In fact, four other songs from Divers have, similarly, done the rounds as live recordings in the past few years, including the album’s second release, "Leaving The City", which got its first airing back in the summer of 2013. At the time it was performed on the harp alone but its recorded alter-ego has accrued much by way of additional instrumentation, not least the drums (played by the artist’s brother, Peter). In a recent interview Newsom admitted that New York was not for her and, if you’ve come across the over-abundance of recent think-pieces by people rejecting their metropolitan lives in favour of anywhere-but-London, this song’s sentiment may well be familiar. With an arrangement that shrugs off predictability, Newsom charges through almost frenetically: “We seek our name, we seek out fame / in our credentials, paved in glass / trying to master incidentals”. Sonically, you may not think it from its opening bars, but "Leaving The City" is the track most set apart from Newsom’s back-catalogue. Having said that, on a record which draws heavy inspiration from New York on the one hand and love on the other, "Leaving The City" sits amidst its cohort comfortably.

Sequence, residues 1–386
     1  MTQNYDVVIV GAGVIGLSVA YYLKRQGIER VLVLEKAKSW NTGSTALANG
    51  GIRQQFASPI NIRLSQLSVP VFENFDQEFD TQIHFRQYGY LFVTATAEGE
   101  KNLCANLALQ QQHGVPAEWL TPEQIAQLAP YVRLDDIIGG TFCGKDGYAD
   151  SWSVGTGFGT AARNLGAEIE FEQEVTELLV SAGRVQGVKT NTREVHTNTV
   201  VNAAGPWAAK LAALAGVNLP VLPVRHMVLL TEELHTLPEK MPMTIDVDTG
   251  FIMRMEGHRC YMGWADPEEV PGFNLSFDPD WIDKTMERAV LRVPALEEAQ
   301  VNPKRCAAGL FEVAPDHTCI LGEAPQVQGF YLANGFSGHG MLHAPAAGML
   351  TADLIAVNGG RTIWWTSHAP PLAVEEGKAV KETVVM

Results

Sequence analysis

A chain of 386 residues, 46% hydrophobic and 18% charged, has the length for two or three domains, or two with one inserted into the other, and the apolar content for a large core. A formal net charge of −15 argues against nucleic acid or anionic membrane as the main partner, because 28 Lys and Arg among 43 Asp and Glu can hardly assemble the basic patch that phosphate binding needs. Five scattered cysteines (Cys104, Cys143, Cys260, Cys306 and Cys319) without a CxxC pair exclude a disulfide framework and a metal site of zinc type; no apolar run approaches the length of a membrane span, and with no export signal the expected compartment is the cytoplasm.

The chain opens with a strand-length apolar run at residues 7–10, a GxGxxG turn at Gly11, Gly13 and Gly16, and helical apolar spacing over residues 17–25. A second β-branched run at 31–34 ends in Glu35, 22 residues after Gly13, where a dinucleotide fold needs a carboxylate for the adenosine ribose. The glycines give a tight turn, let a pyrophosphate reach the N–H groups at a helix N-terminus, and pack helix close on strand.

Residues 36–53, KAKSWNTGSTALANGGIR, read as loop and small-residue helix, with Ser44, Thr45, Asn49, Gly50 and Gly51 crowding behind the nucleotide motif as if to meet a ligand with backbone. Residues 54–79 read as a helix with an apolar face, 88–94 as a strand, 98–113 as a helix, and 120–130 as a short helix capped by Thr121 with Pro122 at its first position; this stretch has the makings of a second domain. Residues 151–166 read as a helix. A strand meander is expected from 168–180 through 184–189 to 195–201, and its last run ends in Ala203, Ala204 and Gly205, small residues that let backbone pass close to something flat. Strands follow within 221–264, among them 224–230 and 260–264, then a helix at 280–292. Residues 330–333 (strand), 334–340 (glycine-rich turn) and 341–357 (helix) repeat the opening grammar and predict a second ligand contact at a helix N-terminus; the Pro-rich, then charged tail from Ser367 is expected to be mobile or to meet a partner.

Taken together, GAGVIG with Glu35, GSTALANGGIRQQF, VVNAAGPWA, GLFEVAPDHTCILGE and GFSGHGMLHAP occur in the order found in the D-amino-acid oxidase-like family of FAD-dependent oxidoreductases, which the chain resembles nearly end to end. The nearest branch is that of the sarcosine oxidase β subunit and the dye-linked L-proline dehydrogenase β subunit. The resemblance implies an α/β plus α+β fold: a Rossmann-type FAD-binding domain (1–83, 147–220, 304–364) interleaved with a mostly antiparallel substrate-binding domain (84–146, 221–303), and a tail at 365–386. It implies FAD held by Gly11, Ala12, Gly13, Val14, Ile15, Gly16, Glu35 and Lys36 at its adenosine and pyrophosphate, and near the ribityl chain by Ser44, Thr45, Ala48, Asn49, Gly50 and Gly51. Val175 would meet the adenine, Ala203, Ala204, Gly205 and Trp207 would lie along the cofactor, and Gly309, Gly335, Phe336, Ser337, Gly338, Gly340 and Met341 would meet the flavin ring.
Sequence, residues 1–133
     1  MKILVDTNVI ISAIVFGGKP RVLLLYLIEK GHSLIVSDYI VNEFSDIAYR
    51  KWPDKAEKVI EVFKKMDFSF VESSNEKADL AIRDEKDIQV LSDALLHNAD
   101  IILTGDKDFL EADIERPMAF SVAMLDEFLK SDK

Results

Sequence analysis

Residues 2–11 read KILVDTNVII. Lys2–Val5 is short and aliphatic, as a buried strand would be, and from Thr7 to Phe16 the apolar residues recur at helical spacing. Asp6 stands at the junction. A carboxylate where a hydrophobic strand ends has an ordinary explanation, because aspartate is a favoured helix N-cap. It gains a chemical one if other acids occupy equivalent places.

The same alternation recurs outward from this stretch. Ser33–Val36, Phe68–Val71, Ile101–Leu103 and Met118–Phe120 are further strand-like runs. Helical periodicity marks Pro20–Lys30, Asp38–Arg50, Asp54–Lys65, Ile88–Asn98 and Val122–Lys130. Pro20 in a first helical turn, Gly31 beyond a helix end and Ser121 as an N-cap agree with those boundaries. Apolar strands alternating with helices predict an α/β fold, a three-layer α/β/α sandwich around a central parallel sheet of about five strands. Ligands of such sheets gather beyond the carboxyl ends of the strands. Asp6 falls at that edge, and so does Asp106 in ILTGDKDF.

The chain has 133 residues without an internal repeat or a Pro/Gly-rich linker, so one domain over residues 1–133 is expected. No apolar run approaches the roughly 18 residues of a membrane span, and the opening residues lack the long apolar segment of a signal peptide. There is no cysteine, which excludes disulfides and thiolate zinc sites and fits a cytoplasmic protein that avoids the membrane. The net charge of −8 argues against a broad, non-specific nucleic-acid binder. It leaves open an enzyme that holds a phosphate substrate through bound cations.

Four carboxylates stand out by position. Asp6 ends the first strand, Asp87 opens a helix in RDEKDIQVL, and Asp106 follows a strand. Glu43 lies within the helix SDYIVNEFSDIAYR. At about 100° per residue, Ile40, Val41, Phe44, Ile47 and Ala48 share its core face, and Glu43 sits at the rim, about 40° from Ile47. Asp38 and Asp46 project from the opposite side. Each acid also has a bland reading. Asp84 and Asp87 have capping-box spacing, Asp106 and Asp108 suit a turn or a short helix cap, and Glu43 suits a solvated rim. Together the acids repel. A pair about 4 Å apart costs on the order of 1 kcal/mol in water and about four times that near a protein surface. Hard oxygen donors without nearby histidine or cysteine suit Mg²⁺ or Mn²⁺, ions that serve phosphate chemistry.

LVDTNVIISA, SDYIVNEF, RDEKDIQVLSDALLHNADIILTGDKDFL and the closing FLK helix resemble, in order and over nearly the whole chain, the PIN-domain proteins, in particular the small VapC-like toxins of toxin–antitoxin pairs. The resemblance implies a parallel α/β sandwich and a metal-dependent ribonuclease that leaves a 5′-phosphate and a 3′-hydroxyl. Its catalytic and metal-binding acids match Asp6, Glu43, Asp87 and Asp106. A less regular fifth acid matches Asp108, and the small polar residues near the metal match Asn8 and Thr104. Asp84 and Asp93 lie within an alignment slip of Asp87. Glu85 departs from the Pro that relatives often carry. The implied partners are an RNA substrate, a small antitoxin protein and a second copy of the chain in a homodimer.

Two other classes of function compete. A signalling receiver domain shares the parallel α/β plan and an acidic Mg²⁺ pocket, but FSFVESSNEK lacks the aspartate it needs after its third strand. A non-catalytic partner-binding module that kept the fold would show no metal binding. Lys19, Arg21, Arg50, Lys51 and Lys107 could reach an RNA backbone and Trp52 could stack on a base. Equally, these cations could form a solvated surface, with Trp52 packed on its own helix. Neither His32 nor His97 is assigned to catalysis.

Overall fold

"Goose Eggs" is where Divers dips a bit. Production-wise, the closest it teeters towards is somewhere between "Good Intentions Paving Company" and "Soft As Chalk" from Have One On Me, although it never gets near enough to matching their charms. Things pick up again, however, with "Waltz Of The 101st Lightborne", as an imaginary battlefield hosting a duel between the living and their ghosts is set to a dance in triple time. It would not be out of place on A Prairie Home Companion and its final 45 seconds or so provide cinematic post-bellum elation.

With "The Things I Say" and "Same Old Man", both among the Divers songs Newsom debuted live years back, you could almost mistake her voice for Karen Dalton’s. Which makes sense, for it was through Dalton’s rendition of the latter – a traditional number arranged by Steve Weber for his band, The Holy Modal Rounders – that Newsom admits to discovering the song. She and Aden guitarist, Kevin Barker, performed it as the encore to her Ys show in Brooklyn almost eight years ago and it has clearly stayed with her as a favourite, since. Again, the spotlight is on New York (“New York City won't see me again”; “New York City continues all alone”) and the Dalton-esque delivery is accompanied by the harp and banjo, complementing each other seamlessly.